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By Lindsay Konsko / NerdWallet
June 11, 2015
Stephen Swintek—Getty Images

Personal finance experts remain divided on whether using credit cards is a good idea, but the verdict on credit card debt is clear: It’s bad, and eliminating it should be a top priority. The talking heads usually use financial facts and figures to back up their advice, arguing that credit card debt is expensive and damaging to our FICO scores.

All this is true, but credit card debt is also harmful in nonfinancial ways. For instance:

1. It’s depressing.

Most people agree that credit card debt is a drag, but it turns out it may actually be contributing to a clinical mood disorder for some. A 2015 study published in the Journal of Family and Economic Issues establishes a link between unsecured, short-term debt (like credit card debt) and symptoms of depression. This association was especially strong for the following subgroups:

  • People between the ages of 51 and 64
  • People with no postsecondary education
  • People who were not “stably married” during the time of the study

Even if you don’t fall into one of these categories, paying off credit card debt could improve your emotional state. If financial factors don’t motivate you to bring down your balance, let the prospect of a little extra cheerfulness be your driving force.

2. It could raise your blood pressure.

People with high blood pressure are often advised to keep their worries to a minimum, but if you’re grappling with debt, this can be hard to do. A 2013 study from Northwestern University proves this out; in a survey of existing longitudinal data, researchers found that young adults with high debt-to-asset ratios reported greater levels of stress than their peers with lower debts.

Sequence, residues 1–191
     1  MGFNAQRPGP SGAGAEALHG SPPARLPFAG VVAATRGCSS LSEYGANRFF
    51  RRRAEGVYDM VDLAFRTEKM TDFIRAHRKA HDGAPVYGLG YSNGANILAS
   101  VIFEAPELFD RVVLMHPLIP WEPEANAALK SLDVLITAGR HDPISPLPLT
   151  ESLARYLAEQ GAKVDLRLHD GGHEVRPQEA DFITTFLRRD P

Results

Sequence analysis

These adults ages 24 to 32 also had higher blood pressure levels, suggesting there may be an inverse relationship between debt and this important measure of heart health. You get only one ticker, so do it a favor and get that credit card debt paid down.

3. It’s linked to weight problems.

Back in 2008, it was much easier for college kids to get credit cards than it is today. Consequently, a study was able to be conducted that year on how credit card debt affects the health of young adults, the results of which were published in the American Journal of Health Promotion. More than 23% of the students surveyed had credit card debt levels above $1,000, and researchers found that this was associated with a variety of negative health implications, including obesity.

It’s hard to say from this data alone that credit card debt causes obesity, or that eliminating your debt will help you in your weight loss efforts. But it’s probably safe to say that paying off your debt won’t hurt your waistline either, so why not give it a shot?

4. It could disrupt your relationship.

It probably seems intuitive that debt could cause a rift in your romantic relationship, but the consequences of frequent financial fights might surprise you. A 2009 study showed that spouses who fought about money once a week were almost one-third more likely to get divorced than couples who fought about money less frequently, The New York Times reports.

This data doesn’t call out credit card debt specifically, but most people who have merged finances with a significant other can recall at least one instance when a credit card bill caused a disagreement. To play it safe, cut your balance as much as you can and keep your partner in the loop before making a purchase that could push you into debt.

5. It may be standing between you and your dreams.

The average household has $7,327 in credit card debt as of June, according to a NerdWallet study. In some parts of the U.S., that’s enough for a down payment on a modest home. It could also be seed money for a business, or a semester’s tuition at a state university.

The point is, credit card debt is more than just a financial burden — it might also be a roadblock to achieving one of your dreams. By paying it off, you’re freeing up a lot of cash that could be put to better use.

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